On Monday 12 November, following the Annual General Meeting, Holocaust Memorial Day Trust held its first Public Conversation: Finding Meaning in a Day. The conversation provided an important opportunity to talk about the nature of commemoration.
The event opened with a personal perspective on the meaning of the Holocaust from survivor, Agnes Grunwald-Spier JP, who was followed by a presentation by Holocaust academic, Professor David Cesarani OBE. They were joined by Dr Jane Clements and Rabbi Barry Marcus to respond to questions and comments from the floor. The audience comprised of Holocaust Memorial Day local activity organisers and professionals working in the field of Holocaust and genocide education.
The conversation followed how the meaning of the Holocaust has changed over time and has reflected the developments of multiculturalism in Britain. It looked at the role that commemoration can play in fighting contemporary racism and discrimination. Questions were also raised about how we manage the relationship between the Holocaust and the subsequent genocides.
A key topic raised was the importance of including the voices of those survivors who came to Britain after the Holocaust and how their stories shape our understanding of the Holocaust today. Agnes Grunwald-Spier, highlighted the importance of the survivor experience through a presentation on her life and urged the audience to pass her story to their own families, as one example of over six million personal tragedies. She was joined from the floor by HMDT Honorary President and survivor Ben Helfgott MBE who spoke of how important it is for him to tell his story to younger generations, to help them to understand what happened and prevent these atrocities happening again.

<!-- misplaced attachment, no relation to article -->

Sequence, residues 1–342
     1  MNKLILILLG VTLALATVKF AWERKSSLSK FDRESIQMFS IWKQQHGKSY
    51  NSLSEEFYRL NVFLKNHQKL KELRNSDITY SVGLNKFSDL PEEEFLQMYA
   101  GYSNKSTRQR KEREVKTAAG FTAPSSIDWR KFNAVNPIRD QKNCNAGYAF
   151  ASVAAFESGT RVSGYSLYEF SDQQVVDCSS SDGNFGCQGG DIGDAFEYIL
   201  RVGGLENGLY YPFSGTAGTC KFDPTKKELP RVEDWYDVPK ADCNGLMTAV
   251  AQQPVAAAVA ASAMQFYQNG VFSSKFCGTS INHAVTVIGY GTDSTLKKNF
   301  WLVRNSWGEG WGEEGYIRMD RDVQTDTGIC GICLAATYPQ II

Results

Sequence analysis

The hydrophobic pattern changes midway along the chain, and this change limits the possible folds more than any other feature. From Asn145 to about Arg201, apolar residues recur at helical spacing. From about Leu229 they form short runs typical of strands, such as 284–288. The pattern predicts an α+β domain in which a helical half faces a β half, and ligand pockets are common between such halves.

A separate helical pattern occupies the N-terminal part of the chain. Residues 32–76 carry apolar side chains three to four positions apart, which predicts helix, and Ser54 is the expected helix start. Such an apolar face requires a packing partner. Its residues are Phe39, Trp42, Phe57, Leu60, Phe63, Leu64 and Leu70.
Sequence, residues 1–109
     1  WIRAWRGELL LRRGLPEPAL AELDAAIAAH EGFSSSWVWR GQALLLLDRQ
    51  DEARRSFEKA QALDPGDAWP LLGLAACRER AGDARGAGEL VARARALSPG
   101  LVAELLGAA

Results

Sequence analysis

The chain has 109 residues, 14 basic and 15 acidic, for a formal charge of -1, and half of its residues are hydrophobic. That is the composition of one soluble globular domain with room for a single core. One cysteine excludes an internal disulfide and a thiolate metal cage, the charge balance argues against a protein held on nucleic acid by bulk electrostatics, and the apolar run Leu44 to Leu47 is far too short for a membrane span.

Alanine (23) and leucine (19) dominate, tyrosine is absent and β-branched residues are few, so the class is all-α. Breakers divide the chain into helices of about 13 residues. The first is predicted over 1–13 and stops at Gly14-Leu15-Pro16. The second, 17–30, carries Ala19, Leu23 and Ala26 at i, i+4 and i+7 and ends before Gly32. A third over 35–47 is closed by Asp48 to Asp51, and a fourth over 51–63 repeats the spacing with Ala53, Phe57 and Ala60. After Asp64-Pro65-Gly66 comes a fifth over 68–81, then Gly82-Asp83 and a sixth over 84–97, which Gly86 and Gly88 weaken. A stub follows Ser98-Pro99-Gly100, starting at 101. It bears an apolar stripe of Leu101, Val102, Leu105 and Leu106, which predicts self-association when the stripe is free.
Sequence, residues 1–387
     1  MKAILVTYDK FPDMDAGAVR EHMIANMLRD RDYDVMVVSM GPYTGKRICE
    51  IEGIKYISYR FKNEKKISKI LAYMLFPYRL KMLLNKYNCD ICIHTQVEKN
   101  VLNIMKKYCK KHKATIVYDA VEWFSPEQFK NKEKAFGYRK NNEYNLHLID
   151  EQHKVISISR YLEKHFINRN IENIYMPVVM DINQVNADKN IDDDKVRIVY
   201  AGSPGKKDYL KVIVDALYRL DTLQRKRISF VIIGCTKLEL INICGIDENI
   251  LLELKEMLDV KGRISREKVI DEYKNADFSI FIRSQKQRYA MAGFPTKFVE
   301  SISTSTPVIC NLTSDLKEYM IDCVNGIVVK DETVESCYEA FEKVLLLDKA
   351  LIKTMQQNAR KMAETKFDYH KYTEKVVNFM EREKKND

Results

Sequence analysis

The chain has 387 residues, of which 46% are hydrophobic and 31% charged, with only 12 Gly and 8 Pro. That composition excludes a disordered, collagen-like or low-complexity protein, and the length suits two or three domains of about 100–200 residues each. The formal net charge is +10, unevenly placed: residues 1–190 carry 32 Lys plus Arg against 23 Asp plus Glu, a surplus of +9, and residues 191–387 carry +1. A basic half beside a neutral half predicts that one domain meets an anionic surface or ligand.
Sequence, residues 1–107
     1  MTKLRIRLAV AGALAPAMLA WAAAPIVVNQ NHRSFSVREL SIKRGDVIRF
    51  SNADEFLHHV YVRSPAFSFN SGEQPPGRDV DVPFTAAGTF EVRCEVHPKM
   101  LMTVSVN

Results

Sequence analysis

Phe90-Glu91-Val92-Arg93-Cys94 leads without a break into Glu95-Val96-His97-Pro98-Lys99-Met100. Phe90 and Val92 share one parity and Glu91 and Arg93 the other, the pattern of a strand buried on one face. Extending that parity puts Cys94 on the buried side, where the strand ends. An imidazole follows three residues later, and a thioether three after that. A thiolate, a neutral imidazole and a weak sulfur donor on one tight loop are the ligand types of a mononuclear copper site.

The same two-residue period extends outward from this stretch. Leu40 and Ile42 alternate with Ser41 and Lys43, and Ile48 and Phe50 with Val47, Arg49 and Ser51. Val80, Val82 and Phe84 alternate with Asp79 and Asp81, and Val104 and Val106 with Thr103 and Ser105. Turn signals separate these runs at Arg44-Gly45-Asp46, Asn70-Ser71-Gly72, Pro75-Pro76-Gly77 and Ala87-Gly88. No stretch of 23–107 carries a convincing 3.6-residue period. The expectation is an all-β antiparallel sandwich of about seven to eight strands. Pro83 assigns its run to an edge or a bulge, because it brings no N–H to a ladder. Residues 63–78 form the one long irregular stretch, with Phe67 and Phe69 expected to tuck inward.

Olivia Marks-Woldman, HMDT Chief Executive, said,
David Cesarani gave an inspirational presentation about the changing meanings of Holocaust commemoration, and Agnes Grunwald-Spier provided a moving account of the impact of the Holocaust on one family. In January 2013, we are encouraging communities to come together to Build a Bridge to connect with others and build a better future.
Fergal Keane who was unable to attend, sent a message expressing the importance of a discussion around HMD,
We need more conversations like this [..] the lessons of the Holocaust – of the need for tolerance, the need to confront ethnic hatred – are absolutely essential for this and coming generations to learn.
The event also provided an opportunity to say goodbye to some longstanding trustees and welcome some new faces to the board. We say goodbye to Agnes Grunwald-Spier JP, Professor David Cesarani OBE, Dr Jane Clements, Louise Ellman MP and Rabbi Barry Marcus and thank them for their commitment and support over the years.
We welcome new trustees Amy Braier, Deputy Director of the Pears Foundation, Dilwar Hussain, Head of the Policy Research Centre, Julian Glicher, Accountant, Kirsty McNeill, Political Consultant and Mike Freer MP. At his appointment Mike Freer said,
The work of the Holocaust Memorial Day Trust is invaluable. Not only in ensuring that once a year we stop and reflect, but also by working throughout the year to ensure people learn about genocide and the Holocaust so that we can learn the lessons.
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